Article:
The first video starts with me wandering up on some sorcerers that have been crucified, seemingly by The Divine Order. The nearby elf suggests there is nothing I can do to help them, though I find a way to seek vengeance soon enough. Not far from the brutal scene is a camp of dead Seekers that eventually leads me to the group of magisters that killed them. I didn't think twice about attacking, and feel like Divinity - Original Sin 2 has finally surpassed any point of sympathy or curiosity I might have had for The Divine Order. There's no perspective they could have that makes what they are doing seem worth it. They will continue to die by my hand as often as I can make it so.
In any case, my fight with these magisters got cut off prematurely, so I finish it off at the top of the second video here. From there, I find a mysterious dungeon with a cursed door that has killed some greedy magisters (good), though it doesn't really do the same to me (weird). I couldn't puzzle out how to open that door, but I found some more magisters to kill in order to meet Gareth, a Seeker who is looking for weapons that will help him steal a magister boat to get off this island. My guess is those weapons are behind that dungeon door and that that's my next step in Divinity - Original Sin 2's main quest.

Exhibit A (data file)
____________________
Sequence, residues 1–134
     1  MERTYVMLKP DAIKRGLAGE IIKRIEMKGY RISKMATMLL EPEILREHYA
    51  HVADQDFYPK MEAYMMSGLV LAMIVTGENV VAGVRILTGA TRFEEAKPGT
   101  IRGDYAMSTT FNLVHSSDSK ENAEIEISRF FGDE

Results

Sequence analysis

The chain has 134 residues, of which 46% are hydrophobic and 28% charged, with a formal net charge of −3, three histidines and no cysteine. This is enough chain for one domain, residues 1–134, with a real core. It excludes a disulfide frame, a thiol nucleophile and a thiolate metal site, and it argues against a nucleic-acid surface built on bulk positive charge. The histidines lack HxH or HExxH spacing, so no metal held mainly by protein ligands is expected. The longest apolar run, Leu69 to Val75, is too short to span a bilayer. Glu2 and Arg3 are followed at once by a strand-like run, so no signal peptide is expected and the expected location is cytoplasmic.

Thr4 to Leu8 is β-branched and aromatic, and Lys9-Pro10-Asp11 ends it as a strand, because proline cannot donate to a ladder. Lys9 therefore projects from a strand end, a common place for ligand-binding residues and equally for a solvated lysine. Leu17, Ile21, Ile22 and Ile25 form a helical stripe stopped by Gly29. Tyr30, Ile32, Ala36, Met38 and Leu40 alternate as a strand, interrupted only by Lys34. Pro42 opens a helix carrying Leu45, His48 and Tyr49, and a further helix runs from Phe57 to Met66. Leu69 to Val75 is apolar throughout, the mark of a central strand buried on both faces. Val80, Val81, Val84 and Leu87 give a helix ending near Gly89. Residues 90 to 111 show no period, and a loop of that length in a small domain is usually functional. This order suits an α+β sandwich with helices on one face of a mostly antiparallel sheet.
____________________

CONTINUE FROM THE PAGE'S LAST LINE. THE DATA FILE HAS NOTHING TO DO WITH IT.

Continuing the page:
All that said, I spent much of the rest of my time in this play session kind of wandering. It is almost never clear to me where I am supposed to go in this game, and the map system seems horribly unclear. Perhaps it's all these years of playing mobile games but I wish at some point there was just a way to teleport to the next thing I wanted to do or an arrow that could point me to where to go. I am finding some things along the way as I wander, but some of it is equally as puzzling so it doesn't quite feel all that rewarding.